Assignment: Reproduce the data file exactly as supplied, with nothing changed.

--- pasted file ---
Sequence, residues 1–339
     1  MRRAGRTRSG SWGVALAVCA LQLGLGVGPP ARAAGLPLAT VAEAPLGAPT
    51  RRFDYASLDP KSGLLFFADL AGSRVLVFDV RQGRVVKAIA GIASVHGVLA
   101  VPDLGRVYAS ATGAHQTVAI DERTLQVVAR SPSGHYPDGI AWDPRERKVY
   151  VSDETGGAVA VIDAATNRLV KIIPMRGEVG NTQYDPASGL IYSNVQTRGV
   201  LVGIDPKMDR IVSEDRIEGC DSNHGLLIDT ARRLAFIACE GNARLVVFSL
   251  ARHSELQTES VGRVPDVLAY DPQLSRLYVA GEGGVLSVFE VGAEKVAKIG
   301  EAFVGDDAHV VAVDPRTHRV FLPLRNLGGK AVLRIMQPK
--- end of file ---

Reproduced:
Sequence, residues 1–339
     1  MRRAGRTRSG SWGVALAVCA LQLGLGVGPP ARAAGLPLAT VAEAPLGAPT
    51  RRFDYASLDP KSGLLFFADL AGSRVLVFDV RQGRVVKAIA GIASVHGVLA
   101  VPDLGRVYAS ATGAHQTVAI DERTLQVVAR SPSGHYPDGI AWDPRERKVY
   151  VSDETGGAVA VIDAATNRLV KIIPMRGEVG NTQYDPASGL IYSNVQTRGV
   201  LVGIDPKMDR IVSEDRIEGC DSNHGLLIDT ARRLAFIACE GNARLVVFSL
   251  ARHSELQTES VGRVPDVLAY DPQLSRLYVA GEGGVLSVFE VGAEKVAKIG
   301  EAFVGDDAHV VAVDPRTHRV FLPLRNLGGK AVLRIMQPK